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Research Papers: Fundamental Issues and Canonical Flows

A Functional Relationship for Modeling Laminar to Turbulent Flow Transitions

[+] Author and Article Information
George Papadopoulos

Fellow ASME
Innoveering, LLC,
100 Remington Boulevard,
Ronkonkoma, NY 11779
e-mail: George.Papadopoulos@innoveering.net

Contributed by the Fluids Engineering Division of ASME for publication in the JOURNAL OF FLUIDS ENGINEERING. Manuscript received August 30, 2015; final manuscript received March 12, 2017; published online June 20, 2017. Assoc. Editor: D. Keith Walters.

J. Fluids Eng 139(9), 091202 (Jun 20, 2017) (10 pages) Paper No: FE-15-1606; doi: 10.1115/1.4036594 History: Received August 30, 2015; Revised March 12, 2017

A dimensional analysis which is based on the scaling of the two-dimensional Navier–Stokes equations is presented for correlating bulk flow characteristics arising from a variety of initial conditions. The analysis yields a functional relationship between the characteristic variable of the flow region and the Reynolds number for each of the two independent flow regimes, laminar and turbulent. A linear relationship is realized for the laminar regime, while a nonlinear relationship is realized for the turbulent regime. Both relationships incorporate mass-flow profile characteristics to capture the effects of initial conditions (mean flow and turbulence) on the variation of the characteristic variable. The union of these two independent relationships is formed leveraging the concept of flow intermittency to yield a generic functional relationship that incorporates transitional flow effects and fully encompasses solutions spanning the laminar to turbulent flow regimes. Empirical models to several common flows are formed to demonstrate the engineering potential of the proposed functional relationship.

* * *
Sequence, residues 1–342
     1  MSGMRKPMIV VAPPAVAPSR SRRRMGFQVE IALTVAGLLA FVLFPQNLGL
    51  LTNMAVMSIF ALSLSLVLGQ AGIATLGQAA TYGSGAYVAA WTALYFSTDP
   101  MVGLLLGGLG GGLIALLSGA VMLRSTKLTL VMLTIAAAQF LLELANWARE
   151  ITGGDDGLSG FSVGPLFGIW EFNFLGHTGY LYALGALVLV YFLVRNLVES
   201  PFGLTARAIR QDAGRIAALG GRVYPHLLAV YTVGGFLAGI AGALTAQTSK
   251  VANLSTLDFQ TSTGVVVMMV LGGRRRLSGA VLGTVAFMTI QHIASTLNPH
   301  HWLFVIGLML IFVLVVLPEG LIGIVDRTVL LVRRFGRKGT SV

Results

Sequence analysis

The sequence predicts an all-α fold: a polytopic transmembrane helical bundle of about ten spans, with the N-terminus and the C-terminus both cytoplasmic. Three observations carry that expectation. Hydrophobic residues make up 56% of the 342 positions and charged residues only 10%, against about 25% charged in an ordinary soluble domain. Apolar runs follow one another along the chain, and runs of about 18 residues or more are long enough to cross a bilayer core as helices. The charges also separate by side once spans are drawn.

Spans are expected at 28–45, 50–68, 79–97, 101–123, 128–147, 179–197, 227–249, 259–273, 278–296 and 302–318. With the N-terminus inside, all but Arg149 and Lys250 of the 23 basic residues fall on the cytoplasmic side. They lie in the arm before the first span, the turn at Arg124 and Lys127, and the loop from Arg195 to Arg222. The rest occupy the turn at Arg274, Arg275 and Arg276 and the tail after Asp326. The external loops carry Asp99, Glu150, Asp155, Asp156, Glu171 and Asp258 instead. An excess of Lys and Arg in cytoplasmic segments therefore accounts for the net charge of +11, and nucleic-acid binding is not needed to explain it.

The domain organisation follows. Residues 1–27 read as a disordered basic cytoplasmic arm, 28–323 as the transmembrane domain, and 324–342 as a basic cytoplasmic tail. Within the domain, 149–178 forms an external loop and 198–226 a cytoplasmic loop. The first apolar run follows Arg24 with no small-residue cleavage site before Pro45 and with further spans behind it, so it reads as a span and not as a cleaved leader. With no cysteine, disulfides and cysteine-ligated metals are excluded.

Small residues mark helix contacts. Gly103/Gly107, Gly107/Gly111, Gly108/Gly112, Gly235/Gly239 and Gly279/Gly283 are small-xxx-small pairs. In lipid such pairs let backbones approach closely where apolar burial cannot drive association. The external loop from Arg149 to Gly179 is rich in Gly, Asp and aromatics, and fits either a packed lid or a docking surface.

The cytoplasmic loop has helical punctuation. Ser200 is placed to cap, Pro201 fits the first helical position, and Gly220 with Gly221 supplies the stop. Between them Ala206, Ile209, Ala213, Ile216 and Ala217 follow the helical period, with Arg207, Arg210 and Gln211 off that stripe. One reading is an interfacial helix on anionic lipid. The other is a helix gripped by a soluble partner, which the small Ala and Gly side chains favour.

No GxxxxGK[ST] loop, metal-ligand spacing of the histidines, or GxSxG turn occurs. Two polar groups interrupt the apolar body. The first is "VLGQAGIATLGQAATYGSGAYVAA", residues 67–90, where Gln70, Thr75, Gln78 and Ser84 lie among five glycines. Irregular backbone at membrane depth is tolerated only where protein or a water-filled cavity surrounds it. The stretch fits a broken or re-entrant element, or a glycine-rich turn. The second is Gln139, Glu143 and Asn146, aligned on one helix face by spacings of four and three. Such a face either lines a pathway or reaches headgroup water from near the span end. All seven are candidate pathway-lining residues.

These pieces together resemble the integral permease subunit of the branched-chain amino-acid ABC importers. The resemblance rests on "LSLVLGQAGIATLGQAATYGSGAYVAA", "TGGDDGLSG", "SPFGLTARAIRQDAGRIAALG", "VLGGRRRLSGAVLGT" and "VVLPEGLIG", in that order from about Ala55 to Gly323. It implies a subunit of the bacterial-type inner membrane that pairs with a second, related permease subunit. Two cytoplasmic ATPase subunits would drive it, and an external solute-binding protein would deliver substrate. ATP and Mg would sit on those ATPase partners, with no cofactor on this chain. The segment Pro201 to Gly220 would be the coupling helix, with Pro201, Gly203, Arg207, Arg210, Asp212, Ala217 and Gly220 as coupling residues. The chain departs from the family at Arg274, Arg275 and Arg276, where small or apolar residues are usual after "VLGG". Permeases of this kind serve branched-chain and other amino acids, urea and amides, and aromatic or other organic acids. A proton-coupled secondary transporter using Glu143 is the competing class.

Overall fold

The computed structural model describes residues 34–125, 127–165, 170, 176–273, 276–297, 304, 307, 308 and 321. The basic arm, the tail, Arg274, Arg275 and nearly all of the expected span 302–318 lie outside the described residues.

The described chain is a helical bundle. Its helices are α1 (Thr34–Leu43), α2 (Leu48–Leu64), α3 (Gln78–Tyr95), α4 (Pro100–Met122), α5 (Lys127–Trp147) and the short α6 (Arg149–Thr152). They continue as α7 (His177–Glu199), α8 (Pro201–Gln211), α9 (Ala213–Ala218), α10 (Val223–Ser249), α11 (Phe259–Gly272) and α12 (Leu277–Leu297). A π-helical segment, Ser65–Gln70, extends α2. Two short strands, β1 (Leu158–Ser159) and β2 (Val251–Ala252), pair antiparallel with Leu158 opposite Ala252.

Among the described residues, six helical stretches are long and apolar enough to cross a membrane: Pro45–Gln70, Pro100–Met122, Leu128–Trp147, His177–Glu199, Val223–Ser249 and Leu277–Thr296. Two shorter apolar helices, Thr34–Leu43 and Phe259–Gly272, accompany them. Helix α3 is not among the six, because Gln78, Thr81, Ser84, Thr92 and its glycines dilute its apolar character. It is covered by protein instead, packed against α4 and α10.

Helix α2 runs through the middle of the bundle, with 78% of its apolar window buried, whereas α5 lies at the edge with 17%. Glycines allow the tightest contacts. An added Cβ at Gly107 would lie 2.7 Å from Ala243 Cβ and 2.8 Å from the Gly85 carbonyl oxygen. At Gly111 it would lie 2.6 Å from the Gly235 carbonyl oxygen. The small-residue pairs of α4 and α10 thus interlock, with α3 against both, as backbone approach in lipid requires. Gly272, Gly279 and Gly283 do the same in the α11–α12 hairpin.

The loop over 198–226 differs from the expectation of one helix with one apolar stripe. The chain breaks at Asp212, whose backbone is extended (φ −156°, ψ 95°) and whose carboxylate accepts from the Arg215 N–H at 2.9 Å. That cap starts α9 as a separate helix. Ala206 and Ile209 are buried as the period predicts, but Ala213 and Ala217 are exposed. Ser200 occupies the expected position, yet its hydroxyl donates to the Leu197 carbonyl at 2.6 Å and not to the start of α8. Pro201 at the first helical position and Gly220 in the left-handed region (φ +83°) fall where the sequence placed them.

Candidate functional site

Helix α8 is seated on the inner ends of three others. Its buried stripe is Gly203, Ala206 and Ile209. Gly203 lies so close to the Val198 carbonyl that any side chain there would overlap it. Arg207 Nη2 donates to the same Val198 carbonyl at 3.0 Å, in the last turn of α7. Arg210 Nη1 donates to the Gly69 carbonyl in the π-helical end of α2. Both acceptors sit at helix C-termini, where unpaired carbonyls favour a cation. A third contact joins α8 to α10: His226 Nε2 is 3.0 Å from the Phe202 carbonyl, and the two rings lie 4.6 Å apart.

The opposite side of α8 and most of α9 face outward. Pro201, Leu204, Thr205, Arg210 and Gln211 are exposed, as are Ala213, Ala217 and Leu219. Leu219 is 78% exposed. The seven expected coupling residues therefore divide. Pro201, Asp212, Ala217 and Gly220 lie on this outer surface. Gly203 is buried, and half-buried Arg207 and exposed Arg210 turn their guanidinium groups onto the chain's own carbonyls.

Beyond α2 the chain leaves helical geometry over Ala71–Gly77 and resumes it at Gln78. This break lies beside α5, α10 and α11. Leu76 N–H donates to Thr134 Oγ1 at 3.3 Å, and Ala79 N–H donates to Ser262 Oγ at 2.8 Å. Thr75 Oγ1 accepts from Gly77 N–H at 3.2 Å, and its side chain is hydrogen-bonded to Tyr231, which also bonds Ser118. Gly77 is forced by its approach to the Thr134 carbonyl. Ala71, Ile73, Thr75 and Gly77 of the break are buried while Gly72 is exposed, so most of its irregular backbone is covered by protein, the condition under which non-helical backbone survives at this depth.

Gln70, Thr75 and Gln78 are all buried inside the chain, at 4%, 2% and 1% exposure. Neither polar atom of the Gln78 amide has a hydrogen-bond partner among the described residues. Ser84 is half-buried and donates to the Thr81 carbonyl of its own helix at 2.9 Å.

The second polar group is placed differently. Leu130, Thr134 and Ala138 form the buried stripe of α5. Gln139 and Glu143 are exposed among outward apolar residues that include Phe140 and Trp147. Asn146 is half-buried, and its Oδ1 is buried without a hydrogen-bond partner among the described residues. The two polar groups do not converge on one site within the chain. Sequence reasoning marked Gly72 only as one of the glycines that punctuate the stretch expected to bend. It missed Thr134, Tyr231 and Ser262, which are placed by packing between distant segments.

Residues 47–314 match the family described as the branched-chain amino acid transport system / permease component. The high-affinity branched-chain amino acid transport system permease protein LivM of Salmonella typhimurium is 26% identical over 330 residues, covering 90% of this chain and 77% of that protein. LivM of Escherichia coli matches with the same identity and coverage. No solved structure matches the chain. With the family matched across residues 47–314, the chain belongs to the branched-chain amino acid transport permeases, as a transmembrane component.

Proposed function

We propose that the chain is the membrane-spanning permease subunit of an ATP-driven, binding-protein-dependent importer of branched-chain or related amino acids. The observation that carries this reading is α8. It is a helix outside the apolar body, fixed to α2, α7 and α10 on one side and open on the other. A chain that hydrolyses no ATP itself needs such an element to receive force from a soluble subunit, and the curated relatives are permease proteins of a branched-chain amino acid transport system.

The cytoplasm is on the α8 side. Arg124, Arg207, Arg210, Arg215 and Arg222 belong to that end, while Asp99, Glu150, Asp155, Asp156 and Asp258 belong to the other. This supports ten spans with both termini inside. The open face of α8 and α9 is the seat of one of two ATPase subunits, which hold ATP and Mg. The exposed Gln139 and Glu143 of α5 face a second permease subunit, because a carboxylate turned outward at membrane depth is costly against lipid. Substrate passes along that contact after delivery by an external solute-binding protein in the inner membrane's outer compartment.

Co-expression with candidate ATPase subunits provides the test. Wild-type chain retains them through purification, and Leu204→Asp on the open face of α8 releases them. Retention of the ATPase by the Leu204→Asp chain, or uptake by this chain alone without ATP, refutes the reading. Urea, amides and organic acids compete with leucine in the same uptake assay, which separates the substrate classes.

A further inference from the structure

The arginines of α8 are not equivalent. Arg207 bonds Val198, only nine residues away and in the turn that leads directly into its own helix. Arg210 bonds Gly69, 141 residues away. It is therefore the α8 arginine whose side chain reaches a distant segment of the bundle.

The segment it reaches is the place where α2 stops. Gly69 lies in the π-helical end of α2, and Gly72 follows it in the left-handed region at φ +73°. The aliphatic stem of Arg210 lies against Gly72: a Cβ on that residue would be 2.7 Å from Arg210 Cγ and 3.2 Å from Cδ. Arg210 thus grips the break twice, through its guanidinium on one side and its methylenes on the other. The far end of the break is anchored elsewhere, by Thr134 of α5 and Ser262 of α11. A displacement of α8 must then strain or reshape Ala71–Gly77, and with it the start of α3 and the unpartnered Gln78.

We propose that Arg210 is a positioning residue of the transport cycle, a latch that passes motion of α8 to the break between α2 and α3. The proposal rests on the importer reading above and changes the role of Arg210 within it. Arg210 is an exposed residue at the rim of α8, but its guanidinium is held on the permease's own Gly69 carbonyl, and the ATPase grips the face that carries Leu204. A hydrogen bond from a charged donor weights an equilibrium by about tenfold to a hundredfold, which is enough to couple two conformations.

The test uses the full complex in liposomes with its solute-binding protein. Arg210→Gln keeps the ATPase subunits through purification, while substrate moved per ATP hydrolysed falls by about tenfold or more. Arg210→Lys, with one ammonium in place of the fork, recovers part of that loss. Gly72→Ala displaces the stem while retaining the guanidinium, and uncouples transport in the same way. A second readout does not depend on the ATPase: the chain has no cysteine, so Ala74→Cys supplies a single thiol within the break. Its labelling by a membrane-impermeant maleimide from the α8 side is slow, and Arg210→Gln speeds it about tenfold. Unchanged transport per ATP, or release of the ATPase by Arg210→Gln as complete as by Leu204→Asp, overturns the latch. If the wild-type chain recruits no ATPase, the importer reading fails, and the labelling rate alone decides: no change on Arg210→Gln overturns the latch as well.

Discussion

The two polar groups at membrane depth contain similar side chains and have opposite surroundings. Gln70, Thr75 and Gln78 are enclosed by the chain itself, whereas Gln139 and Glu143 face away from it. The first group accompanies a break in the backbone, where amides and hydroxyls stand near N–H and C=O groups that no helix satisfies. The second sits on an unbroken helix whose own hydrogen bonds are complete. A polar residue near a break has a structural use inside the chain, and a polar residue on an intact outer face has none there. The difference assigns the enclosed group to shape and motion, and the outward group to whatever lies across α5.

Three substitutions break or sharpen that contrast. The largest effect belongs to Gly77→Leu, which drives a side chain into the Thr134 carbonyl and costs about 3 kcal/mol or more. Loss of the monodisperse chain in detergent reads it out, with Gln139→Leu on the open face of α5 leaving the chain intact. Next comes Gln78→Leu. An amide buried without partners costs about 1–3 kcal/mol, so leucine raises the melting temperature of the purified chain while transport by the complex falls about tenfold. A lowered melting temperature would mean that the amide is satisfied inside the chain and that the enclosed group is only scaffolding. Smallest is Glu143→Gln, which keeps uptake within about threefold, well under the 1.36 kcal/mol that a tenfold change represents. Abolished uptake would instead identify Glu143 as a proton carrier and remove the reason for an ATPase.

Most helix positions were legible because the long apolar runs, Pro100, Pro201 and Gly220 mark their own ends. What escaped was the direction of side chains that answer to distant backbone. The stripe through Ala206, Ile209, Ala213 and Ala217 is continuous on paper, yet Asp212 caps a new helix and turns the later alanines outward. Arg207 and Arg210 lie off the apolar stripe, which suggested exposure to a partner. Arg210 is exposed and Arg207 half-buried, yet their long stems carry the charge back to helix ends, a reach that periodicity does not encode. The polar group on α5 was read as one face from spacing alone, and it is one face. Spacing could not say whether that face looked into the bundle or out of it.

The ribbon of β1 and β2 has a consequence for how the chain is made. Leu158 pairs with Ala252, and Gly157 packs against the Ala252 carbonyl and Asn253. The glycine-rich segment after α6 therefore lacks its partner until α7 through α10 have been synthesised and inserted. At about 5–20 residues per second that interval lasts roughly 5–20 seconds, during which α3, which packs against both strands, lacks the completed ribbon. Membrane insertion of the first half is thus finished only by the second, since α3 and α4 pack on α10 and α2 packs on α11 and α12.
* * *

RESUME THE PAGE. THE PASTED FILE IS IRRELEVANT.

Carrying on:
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References

Figures

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Fig. 1

Velocity-distribution coefficients and coefficient of nonuniformity as functions of radial extent of plug flow (laminar regime)

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Fig. 2

Velocity-distribution coefficients for fully developed turbulent pipe flow

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Fig. 3

Normalized bulk velocity versus Reynolds number for fully developed pipe flow

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Fig. 4

Reynolds number effect on Clauser’s shape parameter

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Fig. 5

Centerline velocity decay data for a variety of axisymmetric jets

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Fig. 6

Application of coefficient of profile uniformity to jet decay data for laminar axisymmetric jets issuing from short pipes

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Fig. 7

Jet decay data plotted using the effective diameter term along with fitted distributions (dashed lines) based on proposed relationship

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Fig. 8

Variation of the separation bubble length with Reynolds number for the flow over a blunt rectangular plate

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Fig. 9

Reattachment length versus Reynolds number for axisymmetric sudden expansion flow: low Re range

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Fig. 10

Reattachment length versus Reynolds number for axisymmetric sudden expansion flow: moderate to high Re range

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Fig. 11

Reattachment length normalized by the effective step height for axisymmetric sudden expansion flow: low Re range

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Fig. 12

Reattachment length data fitted using the functional relationship of Eq. (29)

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